“The Purple Color was the first movie that really moved me, made me cry. I didn’t see the musical on Broadway, just a DVD that I really liked. Ricco showed me the project and we immediately got involved,” says Szafir.
Organizing A Cor Púrpura in Brazil
The first floor of the Associação Cristã de Moças (ACM) in downtown São Paulo was pure nervousness. Famous and unknown people occupied the cafeteria area and the corridors of the academy, waiting for the time when they would be evaluated by maestro Marconi Araújo. Everyone hoped to be cast in the musical A Cor Púrpura (The Purple Color), exclusively with persons of African descent.
More than three black singers, actors and dancers signed up. About 400 came to auditions. Experienced and talented artists were eliminated. The selected will still be evaluated by a rigorous American team that will choose who will compose the two professional casts of the Brazilian montage of the famous Broadway musical in its Brazilian version.
Singer Vanessa Jackson, introduced to the public in 2002 on the first edition of the music reality show Fama, told of her participation in the musical A Cor Púrpura which is scheduled to open in January 2012. Vanessa will be the protagonist of the play in the role of Celie, played by Whoopi Goldberg in the original film. The premiere, under the direction of American choreographer Jeff Winhing, is scheduled for March 2012 and will feature veteran actor Milton Gonçalves as a guest star.
The cast features 37 black actors/singers chosen from over 2,000 participants and features names such as Adriana Lessa, Leila Cordeiro and Céllia Nascimento. Actress Isabela Fillardis who on the first day of the audition was not very well and wasn’t spared any criticism. In other words, in this production, no one gets any advantage because of fame, because what’s being judged is talent and the ability to perform.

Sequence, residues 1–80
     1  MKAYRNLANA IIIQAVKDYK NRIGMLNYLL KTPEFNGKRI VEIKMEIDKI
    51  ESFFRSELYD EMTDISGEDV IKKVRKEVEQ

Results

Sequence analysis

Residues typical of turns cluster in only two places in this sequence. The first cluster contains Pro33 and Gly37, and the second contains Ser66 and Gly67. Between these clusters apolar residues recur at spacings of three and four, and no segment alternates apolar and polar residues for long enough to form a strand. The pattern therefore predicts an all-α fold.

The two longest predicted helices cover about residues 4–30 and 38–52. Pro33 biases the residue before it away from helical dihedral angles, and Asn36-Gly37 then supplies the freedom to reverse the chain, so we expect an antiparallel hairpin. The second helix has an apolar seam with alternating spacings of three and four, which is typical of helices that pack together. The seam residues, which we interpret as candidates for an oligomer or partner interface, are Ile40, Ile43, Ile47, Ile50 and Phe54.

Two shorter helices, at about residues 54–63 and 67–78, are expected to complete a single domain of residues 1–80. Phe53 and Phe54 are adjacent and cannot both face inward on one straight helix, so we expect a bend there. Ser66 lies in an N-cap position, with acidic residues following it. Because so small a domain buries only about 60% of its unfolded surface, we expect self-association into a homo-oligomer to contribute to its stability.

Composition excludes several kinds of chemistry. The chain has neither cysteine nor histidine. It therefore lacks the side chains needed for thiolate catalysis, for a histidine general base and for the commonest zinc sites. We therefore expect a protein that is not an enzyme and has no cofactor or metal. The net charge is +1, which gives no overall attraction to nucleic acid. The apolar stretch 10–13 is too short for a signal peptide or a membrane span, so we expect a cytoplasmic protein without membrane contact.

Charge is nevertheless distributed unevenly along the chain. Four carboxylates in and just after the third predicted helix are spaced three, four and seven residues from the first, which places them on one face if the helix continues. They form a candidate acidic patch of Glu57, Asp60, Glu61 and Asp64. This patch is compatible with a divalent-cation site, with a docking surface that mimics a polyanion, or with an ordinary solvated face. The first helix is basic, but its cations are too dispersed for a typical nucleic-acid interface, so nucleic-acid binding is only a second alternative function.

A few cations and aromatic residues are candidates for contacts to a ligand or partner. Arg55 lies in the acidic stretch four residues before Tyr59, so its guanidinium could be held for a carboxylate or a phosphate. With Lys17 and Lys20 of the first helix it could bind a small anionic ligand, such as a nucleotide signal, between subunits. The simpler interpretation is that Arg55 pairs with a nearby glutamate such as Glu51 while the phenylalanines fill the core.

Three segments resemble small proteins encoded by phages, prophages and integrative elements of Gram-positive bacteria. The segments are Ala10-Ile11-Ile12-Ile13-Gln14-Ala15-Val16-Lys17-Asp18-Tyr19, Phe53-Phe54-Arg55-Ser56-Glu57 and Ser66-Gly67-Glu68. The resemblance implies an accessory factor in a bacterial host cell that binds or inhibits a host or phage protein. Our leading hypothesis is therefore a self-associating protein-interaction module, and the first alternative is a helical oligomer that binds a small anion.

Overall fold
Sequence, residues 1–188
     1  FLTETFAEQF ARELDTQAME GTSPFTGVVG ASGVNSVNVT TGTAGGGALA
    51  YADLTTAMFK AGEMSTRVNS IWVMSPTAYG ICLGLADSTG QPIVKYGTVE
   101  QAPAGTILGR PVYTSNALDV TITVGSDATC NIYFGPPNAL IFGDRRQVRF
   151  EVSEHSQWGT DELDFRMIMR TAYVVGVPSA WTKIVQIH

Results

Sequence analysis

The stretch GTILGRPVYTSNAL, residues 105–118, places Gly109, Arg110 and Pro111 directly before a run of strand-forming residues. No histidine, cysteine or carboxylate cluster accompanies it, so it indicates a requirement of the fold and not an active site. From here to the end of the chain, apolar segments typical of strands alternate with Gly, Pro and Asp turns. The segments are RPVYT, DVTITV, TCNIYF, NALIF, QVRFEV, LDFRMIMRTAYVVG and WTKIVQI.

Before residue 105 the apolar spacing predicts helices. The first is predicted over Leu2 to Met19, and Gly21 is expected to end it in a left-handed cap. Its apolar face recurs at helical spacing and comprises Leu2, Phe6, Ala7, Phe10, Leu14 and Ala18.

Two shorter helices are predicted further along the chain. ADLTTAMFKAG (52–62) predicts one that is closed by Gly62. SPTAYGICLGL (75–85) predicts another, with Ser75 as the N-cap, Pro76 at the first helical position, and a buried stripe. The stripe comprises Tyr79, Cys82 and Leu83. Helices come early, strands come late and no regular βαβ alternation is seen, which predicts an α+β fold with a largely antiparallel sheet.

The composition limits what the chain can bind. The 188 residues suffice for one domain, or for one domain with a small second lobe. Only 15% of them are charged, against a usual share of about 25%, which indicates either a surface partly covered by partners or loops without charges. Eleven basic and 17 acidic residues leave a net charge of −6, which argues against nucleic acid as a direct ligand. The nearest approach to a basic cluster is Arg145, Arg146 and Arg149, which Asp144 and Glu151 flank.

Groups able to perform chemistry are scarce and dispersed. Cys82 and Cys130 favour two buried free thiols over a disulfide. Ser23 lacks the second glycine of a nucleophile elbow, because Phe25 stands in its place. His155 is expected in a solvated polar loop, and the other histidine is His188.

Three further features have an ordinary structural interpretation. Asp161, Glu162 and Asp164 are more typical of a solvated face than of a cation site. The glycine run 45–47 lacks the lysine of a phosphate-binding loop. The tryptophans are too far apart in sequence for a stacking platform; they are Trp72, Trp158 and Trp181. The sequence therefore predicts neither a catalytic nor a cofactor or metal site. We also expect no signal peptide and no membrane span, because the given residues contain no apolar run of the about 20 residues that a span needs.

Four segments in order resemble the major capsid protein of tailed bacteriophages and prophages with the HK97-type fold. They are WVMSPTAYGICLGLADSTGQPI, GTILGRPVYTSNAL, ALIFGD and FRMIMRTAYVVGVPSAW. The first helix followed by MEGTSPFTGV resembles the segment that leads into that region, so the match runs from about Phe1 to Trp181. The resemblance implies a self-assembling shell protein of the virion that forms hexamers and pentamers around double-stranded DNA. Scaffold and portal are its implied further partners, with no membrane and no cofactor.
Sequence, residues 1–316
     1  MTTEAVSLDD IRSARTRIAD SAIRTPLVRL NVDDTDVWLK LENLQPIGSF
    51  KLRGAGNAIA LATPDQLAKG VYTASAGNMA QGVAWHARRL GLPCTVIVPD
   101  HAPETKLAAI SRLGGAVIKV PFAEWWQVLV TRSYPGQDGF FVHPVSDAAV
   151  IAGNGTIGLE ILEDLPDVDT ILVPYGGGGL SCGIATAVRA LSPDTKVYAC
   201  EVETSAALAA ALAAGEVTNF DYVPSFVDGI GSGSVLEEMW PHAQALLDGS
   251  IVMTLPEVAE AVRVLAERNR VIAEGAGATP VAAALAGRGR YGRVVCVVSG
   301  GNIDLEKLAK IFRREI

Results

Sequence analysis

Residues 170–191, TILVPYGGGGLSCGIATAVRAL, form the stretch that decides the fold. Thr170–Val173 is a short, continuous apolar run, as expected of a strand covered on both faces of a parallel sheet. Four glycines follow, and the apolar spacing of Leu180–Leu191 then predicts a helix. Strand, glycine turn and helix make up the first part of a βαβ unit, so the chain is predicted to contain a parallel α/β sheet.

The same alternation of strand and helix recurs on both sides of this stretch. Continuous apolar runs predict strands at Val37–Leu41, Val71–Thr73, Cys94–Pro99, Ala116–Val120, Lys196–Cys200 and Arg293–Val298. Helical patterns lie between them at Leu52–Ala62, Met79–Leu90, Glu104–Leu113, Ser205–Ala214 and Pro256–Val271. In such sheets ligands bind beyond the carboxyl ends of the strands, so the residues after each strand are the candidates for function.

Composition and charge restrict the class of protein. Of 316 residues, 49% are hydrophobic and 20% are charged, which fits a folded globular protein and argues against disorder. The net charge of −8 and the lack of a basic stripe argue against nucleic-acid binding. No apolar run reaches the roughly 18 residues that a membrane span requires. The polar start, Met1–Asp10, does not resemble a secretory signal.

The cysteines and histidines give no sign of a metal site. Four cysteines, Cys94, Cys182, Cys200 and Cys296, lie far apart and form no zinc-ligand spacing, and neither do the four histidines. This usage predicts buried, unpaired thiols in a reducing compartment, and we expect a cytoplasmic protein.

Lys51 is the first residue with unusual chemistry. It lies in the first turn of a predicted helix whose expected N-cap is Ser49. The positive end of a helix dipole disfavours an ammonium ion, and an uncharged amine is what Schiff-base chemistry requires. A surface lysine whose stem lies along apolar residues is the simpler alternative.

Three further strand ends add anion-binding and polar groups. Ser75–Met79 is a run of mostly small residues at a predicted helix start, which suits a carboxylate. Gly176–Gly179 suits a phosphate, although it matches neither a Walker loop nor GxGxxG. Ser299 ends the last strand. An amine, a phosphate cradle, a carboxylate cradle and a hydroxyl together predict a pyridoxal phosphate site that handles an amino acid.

According some sources, actress Camila Pitanga was at one point also invited to participate in the musical, with talk of her actually portraying the character Celie. One has to wonder how audiences would react to Pitanga, a very fair-skinned woman, portraying a character originally brought to life by Whoopi Goldberg, a much darker-skinned woman which much more prominent African features. Although not known as a singer, Pitanga has shown off her singing ability, as some will remember her performing a duet with MPB (Brazilian Popular Music) legend Roberto Carlos in one of his specials for the Globo television network. Actress Taís Araújo was also briefly tossed around as the possible lead in the production.
But from what I’ve seen, Vanessa Jackson looks to have locked up the role as you will see in the video below. Speaking on the auditions and the musical production in Brazil, Vanessa Jackson said: “The Broadway producers came to São Paulo especially for the audition of the play and will closely follow all the editing and development of the work. I will start the play as a teenager and end as an old woman. The film talks a lot about self-esteem and acceptance.”
Needless to say, although I take issue with some elements of the original film, I am still intrigued with the possibility of this production being put on in Brazil. It’s rare that Brazilian television presents more than one or two black faces in any of its productions, much less develop full characters and story lines featuring black Brazilians. And this reluctance comes across loud and clear when we discover that producers are running into problems securing the funding for an all-black show as there is fear that audiences won’t turn out for such a show. I guess that’s just how things go in a “racial democracy,” where race is allegedly not a problem…except when you’re black.